Product-Focused Software Process Improvement 7th International Conference, PROFES 2006, Amsterdam, The Netherlands, June 12-14, 2006. Proceedings /
The 7th International Conference on Product Focused Software Process Improvement (PROFES 2006) brought together researchers and industrial practitioners for reporting new research results and exchanging experiences and findings in the area of process and product improvement. The focus of the confere...
|Corporate Author:||SpringerLink (Online service)|
|Other Authors:||Münch, Jürgen., Vierimaa, Matias.|
Berlin, Heidelberg :
Springer Berlin Heidelberg,
Lecture Notes in Computer Science,
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The 7th International Conference on Product Focused Software Process Improvement (PROFES 2006) brought together researchers and industrial practitioners for reporting new research results and exchanging experiences and findings in the area of process and product improvement. The focus of the conference was on understanding, evaluating, controlling, and improving the relationship between process improvement activities (such as the deployment of innovative defect detection processes) and their effects on products (such as improved product reliability and safety). Consequently, major topics of the conference included the evaluation of existing software process improvement (SPI) approaches in different contexts, the presentation of new or modified SPI approaches, and the relation between SPI and new development techniques or emerging application domains. The need for SPI is being widely recognized. Current trends in software intensive systems such as increased distribution of software development and growing dependability on software-intensive systems in everyday life emphasize this need. This implies the establishment of advanced process improvement capabilities and an adequate understanding of the impact of the processes on the generated products, services, and business value in different situations. Recent trends enforce the establishment of such capabilities: more and more products are being developed in distributed, global environments with many customer-supplier relations in the development chain. Outsourcing, off-shoring, near-shoring, and in-sourcing aggravate this trend. In addition, systems are being built from multiple disciplines (such as electronics, mechanics, and software). Supporting such distributed and multi-disciplinary development requires well-understood and accurately implemented development process interfaces, process synchronization, and process evolution.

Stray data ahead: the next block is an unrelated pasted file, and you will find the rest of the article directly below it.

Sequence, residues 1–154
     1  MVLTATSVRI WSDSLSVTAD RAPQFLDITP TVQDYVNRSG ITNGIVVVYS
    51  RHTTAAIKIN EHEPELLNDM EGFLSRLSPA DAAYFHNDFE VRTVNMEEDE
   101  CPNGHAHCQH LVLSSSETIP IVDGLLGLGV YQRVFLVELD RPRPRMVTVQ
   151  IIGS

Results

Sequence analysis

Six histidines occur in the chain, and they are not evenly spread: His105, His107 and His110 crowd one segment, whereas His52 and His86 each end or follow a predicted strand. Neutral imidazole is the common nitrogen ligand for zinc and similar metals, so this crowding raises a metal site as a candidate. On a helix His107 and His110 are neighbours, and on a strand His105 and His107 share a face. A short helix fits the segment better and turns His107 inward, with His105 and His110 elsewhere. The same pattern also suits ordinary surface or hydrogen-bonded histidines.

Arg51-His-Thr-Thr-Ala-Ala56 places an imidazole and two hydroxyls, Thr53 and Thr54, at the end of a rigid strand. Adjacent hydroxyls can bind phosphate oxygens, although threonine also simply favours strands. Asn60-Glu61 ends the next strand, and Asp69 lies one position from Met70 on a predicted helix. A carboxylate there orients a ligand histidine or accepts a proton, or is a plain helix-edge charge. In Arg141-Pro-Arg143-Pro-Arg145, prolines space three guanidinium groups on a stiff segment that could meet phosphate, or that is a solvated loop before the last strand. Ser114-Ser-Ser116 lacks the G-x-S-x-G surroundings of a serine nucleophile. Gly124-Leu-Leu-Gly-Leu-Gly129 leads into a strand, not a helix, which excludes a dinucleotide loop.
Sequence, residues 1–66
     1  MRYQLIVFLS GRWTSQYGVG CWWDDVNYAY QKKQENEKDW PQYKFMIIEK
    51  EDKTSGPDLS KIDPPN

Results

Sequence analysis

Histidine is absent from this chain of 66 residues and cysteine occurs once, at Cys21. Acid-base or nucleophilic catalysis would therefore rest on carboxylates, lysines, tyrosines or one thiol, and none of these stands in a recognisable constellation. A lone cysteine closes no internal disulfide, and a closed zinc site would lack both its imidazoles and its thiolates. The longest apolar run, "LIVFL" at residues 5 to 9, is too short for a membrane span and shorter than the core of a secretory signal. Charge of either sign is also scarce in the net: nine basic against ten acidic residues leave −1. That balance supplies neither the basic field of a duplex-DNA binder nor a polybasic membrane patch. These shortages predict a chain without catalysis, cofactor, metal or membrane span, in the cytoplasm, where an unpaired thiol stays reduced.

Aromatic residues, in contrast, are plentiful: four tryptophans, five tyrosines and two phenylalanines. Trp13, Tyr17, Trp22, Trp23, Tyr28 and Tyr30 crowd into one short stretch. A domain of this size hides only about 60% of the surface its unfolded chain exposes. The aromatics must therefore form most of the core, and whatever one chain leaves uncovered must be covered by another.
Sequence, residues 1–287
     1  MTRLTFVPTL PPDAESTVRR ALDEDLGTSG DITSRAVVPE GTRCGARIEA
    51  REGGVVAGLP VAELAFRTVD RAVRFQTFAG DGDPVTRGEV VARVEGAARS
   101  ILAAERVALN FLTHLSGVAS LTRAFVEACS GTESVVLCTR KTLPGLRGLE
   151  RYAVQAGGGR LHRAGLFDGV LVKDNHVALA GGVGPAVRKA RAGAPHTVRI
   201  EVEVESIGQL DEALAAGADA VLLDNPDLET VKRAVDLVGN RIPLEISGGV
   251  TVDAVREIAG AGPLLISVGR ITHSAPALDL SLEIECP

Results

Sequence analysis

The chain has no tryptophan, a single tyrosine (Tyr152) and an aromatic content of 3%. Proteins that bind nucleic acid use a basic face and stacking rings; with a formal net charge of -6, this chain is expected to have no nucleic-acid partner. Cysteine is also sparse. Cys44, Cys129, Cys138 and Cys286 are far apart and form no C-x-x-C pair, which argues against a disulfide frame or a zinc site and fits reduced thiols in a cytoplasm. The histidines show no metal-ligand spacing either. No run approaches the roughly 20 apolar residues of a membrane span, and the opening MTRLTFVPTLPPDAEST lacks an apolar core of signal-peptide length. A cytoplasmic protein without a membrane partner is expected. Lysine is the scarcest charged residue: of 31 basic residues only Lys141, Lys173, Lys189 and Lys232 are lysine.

XVIII, 476 p. online resource.